Los Angeles: With some genetic sleuthing, scientists have fingered a likely culprit in the spread of leprosy in the southern United States: the nine-banded armadillo. DNA tests show a match in the leprosy strain between some patients and these prehistoric-looking critters a connection scientists had suspected but until now couldn`t pin down. "Now we have the link," said James Krahenbuhl, who heads a government leprosy program that led the new study.Only about 150 leprosy cases occur each year in the US, mostly among travellers to places like India, Brazil and Angola where it`s more common. The risk of getting leprosy from an armadillo is low because most people who get exposed don`t get sick with the ancient scourge, known medically as Hansen`s disease and now easily treatable.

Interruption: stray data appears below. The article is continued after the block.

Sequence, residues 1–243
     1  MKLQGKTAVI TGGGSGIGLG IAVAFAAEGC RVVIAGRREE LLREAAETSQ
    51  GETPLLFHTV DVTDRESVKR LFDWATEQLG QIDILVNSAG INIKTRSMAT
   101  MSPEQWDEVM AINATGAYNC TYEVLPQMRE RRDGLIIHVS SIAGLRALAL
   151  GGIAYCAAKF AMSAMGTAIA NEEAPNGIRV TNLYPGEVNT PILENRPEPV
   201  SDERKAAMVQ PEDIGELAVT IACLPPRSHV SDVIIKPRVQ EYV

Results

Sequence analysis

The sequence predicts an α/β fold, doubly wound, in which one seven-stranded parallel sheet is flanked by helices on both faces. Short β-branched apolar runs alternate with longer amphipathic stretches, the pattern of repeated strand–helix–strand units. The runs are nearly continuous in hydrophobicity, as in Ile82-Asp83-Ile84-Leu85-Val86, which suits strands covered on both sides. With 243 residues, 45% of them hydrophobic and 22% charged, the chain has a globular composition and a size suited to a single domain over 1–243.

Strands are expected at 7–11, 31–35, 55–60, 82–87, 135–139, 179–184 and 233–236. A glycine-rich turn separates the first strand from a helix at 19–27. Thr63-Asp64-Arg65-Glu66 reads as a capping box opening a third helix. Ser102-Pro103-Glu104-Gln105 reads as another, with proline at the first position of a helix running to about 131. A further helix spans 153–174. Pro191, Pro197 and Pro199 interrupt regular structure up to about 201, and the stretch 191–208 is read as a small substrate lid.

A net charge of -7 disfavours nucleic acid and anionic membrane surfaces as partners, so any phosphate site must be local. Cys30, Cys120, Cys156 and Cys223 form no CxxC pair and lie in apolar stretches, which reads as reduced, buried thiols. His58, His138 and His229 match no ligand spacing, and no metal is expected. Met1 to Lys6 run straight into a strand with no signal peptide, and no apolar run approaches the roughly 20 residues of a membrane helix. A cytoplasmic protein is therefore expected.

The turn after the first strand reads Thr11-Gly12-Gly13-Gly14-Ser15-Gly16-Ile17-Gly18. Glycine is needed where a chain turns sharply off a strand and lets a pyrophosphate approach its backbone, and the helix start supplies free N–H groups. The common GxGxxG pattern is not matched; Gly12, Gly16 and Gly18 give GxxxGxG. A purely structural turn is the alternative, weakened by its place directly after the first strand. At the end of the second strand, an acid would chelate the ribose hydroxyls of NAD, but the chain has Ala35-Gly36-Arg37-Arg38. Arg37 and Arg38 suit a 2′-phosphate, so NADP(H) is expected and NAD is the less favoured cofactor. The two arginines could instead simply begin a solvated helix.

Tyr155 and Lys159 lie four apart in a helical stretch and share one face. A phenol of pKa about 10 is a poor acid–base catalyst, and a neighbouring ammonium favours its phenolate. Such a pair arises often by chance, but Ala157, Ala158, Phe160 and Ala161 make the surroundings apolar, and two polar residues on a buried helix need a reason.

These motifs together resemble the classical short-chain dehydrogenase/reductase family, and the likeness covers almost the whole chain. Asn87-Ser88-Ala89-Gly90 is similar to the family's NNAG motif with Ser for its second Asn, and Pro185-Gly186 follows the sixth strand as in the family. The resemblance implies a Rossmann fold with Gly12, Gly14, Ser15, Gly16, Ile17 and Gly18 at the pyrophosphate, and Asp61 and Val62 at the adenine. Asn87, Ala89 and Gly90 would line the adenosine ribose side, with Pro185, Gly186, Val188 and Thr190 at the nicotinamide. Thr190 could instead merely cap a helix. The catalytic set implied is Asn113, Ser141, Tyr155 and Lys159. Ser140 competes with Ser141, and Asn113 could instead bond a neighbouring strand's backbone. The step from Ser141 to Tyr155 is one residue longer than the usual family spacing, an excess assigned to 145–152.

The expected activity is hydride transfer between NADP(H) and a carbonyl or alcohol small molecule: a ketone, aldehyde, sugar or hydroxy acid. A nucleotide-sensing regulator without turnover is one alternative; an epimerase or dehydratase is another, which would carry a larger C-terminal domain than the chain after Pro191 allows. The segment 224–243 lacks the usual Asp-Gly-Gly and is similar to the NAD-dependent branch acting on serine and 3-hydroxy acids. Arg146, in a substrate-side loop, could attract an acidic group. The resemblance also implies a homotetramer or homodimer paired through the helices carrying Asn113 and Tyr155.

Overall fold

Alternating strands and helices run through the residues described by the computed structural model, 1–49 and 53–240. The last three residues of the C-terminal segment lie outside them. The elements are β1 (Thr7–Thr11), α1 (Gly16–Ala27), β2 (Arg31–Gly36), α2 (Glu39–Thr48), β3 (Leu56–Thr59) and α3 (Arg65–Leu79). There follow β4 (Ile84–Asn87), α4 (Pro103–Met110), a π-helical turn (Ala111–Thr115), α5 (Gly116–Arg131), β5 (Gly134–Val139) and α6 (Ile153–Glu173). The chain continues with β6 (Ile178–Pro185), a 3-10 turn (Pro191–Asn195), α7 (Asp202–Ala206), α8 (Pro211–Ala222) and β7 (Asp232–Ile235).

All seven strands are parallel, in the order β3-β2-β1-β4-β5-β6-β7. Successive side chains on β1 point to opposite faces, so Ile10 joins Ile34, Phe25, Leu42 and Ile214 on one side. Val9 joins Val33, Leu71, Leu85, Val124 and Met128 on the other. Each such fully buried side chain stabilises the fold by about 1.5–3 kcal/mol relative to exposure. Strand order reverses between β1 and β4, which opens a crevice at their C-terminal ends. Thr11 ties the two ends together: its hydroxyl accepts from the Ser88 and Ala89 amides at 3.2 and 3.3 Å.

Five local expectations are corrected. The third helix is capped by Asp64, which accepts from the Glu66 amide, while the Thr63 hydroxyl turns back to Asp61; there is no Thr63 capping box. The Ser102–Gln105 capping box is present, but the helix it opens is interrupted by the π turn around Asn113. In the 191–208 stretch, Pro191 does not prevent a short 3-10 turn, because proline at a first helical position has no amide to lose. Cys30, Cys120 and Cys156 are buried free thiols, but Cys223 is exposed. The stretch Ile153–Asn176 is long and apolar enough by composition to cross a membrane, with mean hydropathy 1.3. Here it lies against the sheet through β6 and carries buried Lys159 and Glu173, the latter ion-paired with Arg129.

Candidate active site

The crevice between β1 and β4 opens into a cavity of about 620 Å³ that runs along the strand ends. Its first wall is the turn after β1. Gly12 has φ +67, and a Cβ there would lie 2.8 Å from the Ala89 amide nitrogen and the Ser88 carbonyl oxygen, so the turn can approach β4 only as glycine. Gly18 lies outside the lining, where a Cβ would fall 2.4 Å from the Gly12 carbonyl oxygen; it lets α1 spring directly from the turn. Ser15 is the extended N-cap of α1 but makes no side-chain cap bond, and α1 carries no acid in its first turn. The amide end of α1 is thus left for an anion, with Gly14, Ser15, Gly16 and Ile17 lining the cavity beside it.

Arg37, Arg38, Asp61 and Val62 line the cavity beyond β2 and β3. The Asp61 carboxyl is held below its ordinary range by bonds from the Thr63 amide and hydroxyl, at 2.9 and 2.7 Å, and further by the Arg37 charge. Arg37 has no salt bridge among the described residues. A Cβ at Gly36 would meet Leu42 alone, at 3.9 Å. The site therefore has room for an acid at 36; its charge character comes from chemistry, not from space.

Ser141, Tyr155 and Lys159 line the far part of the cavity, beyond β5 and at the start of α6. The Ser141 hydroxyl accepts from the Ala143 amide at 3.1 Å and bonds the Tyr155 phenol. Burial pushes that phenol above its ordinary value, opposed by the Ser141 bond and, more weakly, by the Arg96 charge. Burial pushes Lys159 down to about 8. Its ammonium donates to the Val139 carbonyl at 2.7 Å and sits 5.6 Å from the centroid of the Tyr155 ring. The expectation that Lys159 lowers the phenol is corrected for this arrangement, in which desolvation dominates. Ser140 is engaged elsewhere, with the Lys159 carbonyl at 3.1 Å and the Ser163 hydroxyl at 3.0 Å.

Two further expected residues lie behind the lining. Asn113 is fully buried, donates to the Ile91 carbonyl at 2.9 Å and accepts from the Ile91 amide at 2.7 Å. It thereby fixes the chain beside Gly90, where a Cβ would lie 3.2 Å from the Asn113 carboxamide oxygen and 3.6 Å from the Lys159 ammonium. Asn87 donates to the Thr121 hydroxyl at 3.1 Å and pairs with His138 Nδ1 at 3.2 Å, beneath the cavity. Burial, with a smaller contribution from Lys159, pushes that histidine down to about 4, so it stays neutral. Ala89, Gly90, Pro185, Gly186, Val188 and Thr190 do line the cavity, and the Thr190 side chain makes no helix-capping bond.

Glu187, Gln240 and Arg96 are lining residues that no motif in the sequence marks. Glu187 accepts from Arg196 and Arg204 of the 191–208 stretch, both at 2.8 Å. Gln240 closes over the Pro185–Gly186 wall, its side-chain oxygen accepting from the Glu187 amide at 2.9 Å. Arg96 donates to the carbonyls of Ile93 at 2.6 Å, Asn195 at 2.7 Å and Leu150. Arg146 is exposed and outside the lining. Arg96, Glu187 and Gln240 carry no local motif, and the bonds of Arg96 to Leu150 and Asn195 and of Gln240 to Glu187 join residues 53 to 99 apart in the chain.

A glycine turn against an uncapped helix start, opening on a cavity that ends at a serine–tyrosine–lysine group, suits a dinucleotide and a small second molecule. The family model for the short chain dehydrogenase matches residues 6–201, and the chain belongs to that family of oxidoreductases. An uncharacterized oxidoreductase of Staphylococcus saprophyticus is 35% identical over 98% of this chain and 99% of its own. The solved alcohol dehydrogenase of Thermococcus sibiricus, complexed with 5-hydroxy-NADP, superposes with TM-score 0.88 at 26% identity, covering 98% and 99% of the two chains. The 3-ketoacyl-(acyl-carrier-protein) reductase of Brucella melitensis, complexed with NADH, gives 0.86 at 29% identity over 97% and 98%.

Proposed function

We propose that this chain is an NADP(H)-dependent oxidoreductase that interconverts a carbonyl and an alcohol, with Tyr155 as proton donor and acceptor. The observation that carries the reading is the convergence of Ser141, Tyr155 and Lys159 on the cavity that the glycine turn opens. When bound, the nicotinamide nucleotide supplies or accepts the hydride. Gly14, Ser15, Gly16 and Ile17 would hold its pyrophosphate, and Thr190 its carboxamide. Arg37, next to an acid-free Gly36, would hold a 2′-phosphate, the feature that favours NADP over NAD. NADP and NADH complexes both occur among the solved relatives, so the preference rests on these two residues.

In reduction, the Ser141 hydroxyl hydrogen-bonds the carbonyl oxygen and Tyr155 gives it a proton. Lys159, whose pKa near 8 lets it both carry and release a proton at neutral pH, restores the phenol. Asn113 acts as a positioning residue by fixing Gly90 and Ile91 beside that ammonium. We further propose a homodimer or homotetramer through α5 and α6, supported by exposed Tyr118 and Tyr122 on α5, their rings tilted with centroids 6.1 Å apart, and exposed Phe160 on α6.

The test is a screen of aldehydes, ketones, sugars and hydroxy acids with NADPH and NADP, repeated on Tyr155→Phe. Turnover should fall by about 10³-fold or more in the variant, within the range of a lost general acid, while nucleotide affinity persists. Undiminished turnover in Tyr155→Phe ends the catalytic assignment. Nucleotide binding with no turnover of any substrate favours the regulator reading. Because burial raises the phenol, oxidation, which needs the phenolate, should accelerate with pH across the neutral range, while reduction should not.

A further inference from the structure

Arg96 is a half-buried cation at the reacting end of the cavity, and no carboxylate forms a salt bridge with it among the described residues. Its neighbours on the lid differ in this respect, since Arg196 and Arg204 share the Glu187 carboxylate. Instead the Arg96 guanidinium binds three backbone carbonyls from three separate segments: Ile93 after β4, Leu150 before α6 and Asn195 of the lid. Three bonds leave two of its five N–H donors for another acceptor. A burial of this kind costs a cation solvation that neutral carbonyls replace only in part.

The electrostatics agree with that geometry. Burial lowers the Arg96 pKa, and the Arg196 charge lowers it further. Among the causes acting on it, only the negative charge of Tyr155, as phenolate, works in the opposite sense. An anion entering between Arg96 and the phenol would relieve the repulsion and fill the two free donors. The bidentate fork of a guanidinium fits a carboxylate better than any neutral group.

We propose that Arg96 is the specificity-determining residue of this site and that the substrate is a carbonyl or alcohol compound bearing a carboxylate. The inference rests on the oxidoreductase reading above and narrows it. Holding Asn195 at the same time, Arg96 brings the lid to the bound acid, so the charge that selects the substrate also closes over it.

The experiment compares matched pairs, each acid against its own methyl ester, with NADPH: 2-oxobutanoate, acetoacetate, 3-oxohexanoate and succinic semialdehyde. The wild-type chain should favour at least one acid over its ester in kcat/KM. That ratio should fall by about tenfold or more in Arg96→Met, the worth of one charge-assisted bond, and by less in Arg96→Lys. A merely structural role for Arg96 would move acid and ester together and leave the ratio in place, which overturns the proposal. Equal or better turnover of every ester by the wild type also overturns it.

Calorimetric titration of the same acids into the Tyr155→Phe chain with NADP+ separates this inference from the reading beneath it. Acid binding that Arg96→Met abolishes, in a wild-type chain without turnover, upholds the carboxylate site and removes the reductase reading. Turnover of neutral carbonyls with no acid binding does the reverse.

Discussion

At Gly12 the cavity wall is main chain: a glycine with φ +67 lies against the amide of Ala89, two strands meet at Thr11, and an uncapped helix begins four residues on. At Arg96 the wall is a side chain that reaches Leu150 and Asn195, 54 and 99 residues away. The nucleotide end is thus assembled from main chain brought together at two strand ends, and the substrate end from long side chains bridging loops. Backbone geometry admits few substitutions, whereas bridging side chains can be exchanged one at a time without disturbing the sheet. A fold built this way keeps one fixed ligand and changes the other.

Of the 15 patients for whom researchers had information, seven said they had no contact with armadillos; eight said they did, including one who routinely hunted andate them. While the work did not document direct transmission from animal to human, "the evidence is pretty convincing that it happens," said Dr. Brian Currie, an infectious diseaseexpert at Montefiore Medical Center in New York, who had no role in the study.Bureau Report
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